View The Protection of Minorities and Indigenous Peoples in International Law on our Module Directory

Human Rights and Development

What does right to development mean? How does it relate to human rights treaties? What is a human rights-based approach to development? Study international human rights law, exploring theoretical and practical implications of linking human rights and development. Analyse specific human rights themes. Evaluate the role of governments and organisations.

View Human Rights and Development on our Module Directory

Human Rights and Women

You’ll receive an introduction to the protection and promotion of women’s and girls’ human rights under international law. Your focus will be on the universal human rights mechanisms, with some analysis of regional human rights mechanisms, especially relating to violence against women. You’ll consider sexual and reproductive rights, economic, social and cultural rights, administration of justice, women’s rights in conflict and post-conflict, and violence against women. You’ll also look at the persistence of gender stereotyping, theories of equality and discrimination, and the efforts of human rights defenders.

View Human Rights and Women on our Module Directory

Promotion and Protection of Human Rights in Africa

In this module you’ll critically examine the promotion and protection of human rights from the perspective of African political and human rights institutions. Topics you’ll cover include: human rights in Africa; the Organisation of African Unity and African Union; the African Charter on Human and Peoples' Rights; other African human rights treaties; African states within the UN; domestic protection of human rights; and women's rights.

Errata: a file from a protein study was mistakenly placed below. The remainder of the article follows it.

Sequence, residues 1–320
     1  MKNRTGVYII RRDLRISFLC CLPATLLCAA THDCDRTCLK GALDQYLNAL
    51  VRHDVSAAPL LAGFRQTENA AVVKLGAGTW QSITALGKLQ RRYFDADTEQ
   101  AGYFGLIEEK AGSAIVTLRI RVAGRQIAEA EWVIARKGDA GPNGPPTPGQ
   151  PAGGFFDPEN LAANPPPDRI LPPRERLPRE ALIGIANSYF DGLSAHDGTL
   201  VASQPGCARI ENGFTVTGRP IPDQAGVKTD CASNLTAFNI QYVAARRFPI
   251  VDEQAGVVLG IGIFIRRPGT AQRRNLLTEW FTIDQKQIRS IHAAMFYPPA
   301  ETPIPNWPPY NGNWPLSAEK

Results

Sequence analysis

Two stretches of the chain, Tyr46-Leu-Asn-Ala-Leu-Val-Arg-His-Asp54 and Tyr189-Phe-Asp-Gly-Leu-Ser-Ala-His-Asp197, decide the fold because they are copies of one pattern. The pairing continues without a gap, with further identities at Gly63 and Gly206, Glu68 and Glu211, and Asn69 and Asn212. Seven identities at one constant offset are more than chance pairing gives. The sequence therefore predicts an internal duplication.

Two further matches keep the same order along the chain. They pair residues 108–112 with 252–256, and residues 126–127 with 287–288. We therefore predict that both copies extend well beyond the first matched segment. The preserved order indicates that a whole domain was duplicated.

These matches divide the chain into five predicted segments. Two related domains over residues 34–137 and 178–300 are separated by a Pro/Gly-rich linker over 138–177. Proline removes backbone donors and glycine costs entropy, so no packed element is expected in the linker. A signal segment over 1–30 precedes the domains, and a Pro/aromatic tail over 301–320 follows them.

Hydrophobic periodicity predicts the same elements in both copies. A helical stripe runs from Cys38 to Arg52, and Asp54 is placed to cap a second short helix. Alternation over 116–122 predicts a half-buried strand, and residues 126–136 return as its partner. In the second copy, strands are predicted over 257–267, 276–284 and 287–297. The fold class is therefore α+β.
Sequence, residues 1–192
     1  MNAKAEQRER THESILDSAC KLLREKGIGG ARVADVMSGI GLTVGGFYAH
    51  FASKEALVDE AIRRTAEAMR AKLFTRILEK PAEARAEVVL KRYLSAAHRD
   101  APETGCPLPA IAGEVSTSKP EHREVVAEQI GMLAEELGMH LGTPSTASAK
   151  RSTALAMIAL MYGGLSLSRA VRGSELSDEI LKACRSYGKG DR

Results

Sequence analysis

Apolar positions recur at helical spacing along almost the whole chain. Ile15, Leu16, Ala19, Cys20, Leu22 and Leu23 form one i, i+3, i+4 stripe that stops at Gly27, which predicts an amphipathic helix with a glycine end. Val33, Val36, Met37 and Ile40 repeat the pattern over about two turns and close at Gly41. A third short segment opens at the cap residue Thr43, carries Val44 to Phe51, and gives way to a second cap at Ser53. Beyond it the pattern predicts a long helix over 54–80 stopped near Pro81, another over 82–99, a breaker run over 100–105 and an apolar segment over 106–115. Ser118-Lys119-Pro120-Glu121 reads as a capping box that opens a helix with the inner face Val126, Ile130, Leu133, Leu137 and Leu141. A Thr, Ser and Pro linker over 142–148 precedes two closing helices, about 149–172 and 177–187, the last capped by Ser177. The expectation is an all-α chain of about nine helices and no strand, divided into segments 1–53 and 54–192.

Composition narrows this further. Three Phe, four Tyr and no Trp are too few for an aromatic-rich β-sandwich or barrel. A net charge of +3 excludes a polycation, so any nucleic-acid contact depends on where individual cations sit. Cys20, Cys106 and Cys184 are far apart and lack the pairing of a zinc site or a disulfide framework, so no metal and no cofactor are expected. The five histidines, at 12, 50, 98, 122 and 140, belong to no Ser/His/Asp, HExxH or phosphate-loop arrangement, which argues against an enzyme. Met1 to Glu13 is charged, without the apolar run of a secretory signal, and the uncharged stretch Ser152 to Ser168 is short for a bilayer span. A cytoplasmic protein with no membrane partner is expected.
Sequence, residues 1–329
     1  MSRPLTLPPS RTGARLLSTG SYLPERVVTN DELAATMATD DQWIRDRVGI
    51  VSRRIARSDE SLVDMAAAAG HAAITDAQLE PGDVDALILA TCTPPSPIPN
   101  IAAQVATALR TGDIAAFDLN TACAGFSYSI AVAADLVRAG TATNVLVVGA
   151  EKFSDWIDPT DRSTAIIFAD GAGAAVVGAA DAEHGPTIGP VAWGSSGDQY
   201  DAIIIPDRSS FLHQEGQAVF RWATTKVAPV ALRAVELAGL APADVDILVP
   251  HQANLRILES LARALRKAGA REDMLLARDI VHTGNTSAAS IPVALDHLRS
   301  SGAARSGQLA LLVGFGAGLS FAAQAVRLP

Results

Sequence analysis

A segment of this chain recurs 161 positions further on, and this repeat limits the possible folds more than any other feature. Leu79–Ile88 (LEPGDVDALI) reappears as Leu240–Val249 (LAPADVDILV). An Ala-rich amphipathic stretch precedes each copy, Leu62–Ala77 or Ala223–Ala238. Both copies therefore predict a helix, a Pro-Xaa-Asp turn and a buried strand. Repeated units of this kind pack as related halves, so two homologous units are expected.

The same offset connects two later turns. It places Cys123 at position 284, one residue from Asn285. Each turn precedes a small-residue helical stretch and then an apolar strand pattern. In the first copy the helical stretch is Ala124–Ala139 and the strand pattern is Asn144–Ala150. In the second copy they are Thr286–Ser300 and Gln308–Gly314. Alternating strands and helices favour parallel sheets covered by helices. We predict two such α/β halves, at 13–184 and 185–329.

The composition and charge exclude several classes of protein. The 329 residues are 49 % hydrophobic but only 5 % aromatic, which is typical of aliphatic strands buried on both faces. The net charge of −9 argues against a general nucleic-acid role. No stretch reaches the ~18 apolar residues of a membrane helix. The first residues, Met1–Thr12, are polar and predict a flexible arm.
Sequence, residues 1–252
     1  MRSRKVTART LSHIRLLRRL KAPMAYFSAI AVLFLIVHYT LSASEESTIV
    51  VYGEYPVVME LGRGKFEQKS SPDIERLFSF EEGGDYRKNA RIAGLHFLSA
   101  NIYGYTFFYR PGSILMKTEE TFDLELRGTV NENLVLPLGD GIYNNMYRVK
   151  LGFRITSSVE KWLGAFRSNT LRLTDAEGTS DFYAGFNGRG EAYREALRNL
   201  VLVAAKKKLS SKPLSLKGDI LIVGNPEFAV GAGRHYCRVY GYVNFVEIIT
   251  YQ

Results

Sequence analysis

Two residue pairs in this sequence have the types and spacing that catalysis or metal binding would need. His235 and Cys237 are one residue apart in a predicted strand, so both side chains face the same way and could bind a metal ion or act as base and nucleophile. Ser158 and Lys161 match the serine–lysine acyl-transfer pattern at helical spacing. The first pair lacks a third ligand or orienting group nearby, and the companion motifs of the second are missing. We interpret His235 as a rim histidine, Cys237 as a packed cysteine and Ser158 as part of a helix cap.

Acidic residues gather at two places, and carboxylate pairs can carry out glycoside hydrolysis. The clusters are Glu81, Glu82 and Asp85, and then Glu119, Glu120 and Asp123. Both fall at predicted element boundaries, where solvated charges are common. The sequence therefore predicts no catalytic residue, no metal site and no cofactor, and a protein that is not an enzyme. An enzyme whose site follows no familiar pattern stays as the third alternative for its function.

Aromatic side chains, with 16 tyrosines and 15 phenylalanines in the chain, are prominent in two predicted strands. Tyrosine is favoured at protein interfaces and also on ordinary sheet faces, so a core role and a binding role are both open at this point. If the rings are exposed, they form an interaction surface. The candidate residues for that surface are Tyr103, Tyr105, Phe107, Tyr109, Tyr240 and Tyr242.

View Promotion and Protection of Human Rights in Africa on our Module Directory

The Inter-American System of Human Rights

In this module you’ll study the work carried out by the Inter-American Commission on Human Rights and the Inter-American Court, which are usually referred to as the two bodies of the Inter-American System. In particular you’ll study the rights to life, humane treatment, personal liberty, fair trial, judicial guarantees, indigenous rights, violence against women, non-discrimination and equality, socio-economic rights, and the right to reparation. Films and guest speakers will enhance your understanding of the achievements, challenges and impact of the System.

View The Inter-American System of Human Rights on our Module Directory

Transitional Justice